A French startup’s genetically engineered houseplant is 30 times more efficient at pulling common pollutants from indoor air than any plant found in nature — and you can soon order one of the high-tech houseplants for your own home.
The challenge: Many common household products emit molecules called “volatile organic compounds” (VOCs). When inhaled, VOCs can increase the risk of health problems, ranging from headaches to organ damage (and possibly even cancer).
Because they’re so ubiquitous in our homes, concentrations of many VOCs can be 10 times higher indoors than outdoors — and getting rid of them isn’t easy.
Mechanical air filters can’t effectively remove the molecules, and in some cases, they actually produce VOCs themselves. Regularly opening windows isn’t ideal in cold weather, and while air exchangers can minimize VOC levels indoors, they can cost a few thousand dollars to install.
Certain houseplants can theoretically remove VOCs from the air, but to get the same benefits as an air exchanger, you’d need to pack at least 100 typical houseplants into every square meter of your home, according to a 2019 study out of Drexel University.
What’s new? Using genetic engineering, French startup Neoplants has developed an atypical houseplant, dubbed “Neo P1,” that it says is up to 30 times more effective at removing VOCs from indoor air than the most efficient plants found in nature.
In October, the company announced that it would begin selling its genetically engineered houseplant — a version of the popular pothos vine, also known as “Devil’s ivy” — for $179, with pre-orders starting in the first quarter of 2023.
“It’s like trying to build a plane while flying.”Patrick Torbey
How it works: Neoplants chose to work with pothos because its large leaves and naturally fast growth meant it already absorbed a relatively large amount of pollutants. Its hardiness, meanwhile, meant it could appeal to people who lack a green thumb.
Unfortunately, the plant isn’t the subject of much research, which meant Neoplants had to first sequence pothos’ genome itself and then try to figure out which genes to tweak (and how to tweak them) in order to supercharge the plant’s filtration of VOCs.
“It’s like trying to build a plane while flying,” CTO Patrick Torbey told Inverse.
Ultimately, the company opted to engineer not only the plant, but also its “root microbiome,” inserting genes from bacteria that eat toxic chemicals into the symbiotic microorganisms that naturally live inside and around its roots.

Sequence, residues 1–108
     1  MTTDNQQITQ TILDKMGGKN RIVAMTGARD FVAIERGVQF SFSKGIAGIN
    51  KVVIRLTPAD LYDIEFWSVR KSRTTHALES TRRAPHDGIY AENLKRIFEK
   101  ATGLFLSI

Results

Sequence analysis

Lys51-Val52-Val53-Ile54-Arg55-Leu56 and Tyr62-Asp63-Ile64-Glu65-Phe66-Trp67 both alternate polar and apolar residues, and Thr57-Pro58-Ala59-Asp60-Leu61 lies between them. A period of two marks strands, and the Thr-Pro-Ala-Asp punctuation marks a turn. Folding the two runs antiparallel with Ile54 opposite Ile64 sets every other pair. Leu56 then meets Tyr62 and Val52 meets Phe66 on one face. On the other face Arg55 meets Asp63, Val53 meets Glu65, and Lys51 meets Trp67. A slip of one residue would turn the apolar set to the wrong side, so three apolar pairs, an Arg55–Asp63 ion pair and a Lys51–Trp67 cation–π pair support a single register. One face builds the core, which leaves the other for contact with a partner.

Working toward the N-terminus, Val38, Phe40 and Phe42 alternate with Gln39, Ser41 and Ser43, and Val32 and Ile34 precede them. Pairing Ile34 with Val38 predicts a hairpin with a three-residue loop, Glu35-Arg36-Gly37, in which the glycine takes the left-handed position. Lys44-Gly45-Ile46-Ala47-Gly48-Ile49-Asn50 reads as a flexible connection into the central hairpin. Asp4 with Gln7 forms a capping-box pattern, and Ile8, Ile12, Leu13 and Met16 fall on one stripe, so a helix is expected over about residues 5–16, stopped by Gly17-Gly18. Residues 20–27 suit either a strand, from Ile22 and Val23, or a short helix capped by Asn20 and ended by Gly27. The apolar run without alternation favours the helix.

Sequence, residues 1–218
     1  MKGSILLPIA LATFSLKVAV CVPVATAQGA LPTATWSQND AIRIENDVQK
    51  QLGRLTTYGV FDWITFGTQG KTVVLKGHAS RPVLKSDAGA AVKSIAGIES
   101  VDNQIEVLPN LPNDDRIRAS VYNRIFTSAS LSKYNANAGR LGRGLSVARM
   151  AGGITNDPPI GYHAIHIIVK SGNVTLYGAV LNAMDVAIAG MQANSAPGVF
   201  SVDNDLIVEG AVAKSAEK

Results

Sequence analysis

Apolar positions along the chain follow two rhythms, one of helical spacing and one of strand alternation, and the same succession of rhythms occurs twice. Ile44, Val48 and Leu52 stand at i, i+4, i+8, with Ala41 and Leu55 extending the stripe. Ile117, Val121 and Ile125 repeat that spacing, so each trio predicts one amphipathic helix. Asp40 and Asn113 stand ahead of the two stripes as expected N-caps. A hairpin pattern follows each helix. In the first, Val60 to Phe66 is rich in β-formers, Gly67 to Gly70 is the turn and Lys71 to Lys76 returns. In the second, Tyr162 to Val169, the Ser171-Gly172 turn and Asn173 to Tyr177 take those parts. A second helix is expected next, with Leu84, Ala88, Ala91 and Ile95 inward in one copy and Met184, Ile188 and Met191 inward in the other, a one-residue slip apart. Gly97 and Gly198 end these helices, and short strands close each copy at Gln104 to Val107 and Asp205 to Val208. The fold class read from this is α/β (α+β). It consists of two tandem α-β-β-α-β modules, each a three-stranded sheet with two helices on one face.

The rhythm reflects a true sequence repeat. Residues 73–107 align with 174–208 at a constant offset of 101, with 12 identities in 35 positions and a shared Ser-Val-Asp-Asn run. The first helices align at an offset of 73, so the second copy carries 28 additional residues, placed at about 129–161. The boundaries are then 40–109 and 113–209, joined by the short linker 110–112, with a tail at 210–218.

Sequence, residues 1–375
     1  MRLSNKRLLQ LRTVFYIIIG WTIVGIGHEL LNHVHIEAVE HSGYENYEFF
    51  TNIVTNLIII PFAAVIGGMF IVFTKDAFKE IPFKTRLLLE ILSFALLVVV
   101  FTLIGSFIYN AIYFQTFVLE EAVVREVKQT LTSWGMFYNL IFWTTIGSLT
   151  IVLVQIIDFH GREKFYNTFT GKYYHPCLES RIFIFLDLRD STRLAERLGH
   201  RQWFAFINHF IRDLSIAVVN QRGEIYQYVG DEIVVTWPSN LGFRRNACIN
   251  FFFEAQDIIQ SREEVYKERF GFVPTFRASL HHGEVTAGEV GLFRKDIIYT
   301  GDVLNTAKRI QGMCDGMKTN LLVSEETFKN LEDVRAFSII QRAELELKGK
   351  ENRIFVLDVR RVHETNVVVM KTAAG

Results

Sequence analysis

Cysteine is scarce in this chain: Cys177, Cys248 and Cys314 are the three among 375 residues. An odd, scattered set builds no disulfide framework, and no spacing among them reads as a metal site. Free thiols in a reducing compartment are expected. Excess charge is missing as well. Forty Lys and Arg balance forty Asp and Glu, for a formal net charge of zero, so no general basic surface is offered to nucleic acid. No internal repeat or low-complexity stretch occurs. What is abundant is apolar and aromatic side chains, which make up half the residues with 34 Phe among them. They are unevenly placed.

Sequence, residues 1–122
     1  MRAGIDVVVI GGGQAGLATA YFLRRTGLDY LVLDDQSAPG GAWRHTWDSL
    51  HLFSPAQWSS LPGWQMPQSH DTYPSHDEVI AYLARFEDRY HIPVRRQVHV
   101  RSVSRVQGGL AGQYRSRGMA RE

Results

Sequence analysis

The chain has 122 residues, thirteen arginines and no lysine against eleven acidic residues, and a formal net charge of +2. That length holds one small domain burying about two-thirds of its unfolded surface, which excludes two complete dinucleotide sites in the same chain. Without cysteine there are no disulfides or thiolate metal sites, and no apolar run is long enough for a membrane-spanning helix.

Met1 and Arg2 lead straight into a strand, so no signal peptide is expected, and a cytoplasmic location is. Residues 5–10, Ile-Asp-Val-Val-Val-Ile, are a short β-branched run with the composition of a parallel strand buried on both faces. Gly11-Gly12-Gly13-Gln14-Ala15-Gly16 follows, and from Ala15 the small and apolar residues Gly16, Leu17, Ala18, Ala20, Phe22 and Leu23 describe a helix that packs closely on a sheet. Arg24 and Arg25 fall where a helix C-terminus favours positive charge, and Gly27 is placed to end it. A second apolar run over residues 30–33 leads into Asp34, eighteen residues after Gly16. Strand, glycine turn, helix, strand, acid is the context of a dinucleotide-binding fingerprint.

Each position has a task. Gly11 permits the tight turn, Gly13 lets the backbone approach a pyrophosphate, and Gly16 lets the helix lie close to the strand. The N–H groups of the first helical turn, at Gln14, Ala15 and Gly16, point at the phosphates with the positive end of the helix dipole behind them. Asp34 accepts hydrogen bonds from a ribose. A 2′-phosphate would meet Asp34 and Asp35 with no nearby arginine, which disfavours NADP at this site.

Each Neo P1 the company sells comes with three months worth of “power drops” containing the boosting microorganisms — it recommends applying those to the plant’s water once a month to maintain its peak air purifying performance.
The genetically engineered houseplant also comes with a Shell stand that maximizes the plant’s air intake and contains a water reservoir that simplifies maintenance.
The cold water: It’s not clear when Neoplants expects to begin delivering its genetically engineered houseplant to customers, nor how much Neo P1’s efficiency drops off if a customer stops feeding the plant its monthly power drops.
While 30 times the VOC-removing power of other plants is impressive, it’s not clear how that compares to ventilation or an air-exchanger.
The 2019 Drexel study estimated you’d need a virtual jungle of houseplants to clean indoor air; even scaling that down by a factor of 30 could mean quite a few plants. And at $179 a plant, if health concerns around VOCs are your primary concern, an air exchanger might be the cheaper option for purifying your entire house.
The bottom line: Neo P1 might be Neoplant’s first genetically engineered houseplant, but the company doesn’t expect it to be its best — the startup just opened a new R&D lab and plans to continue developing its plants to make them even more efficient air purifiers.
“Our team is committed to building a green and vibrant future here on earth, where plants are upgraded as frequently as our phones, where people can see and feel the benefits of nature as clearly as any piece of technology,” said Torbey.
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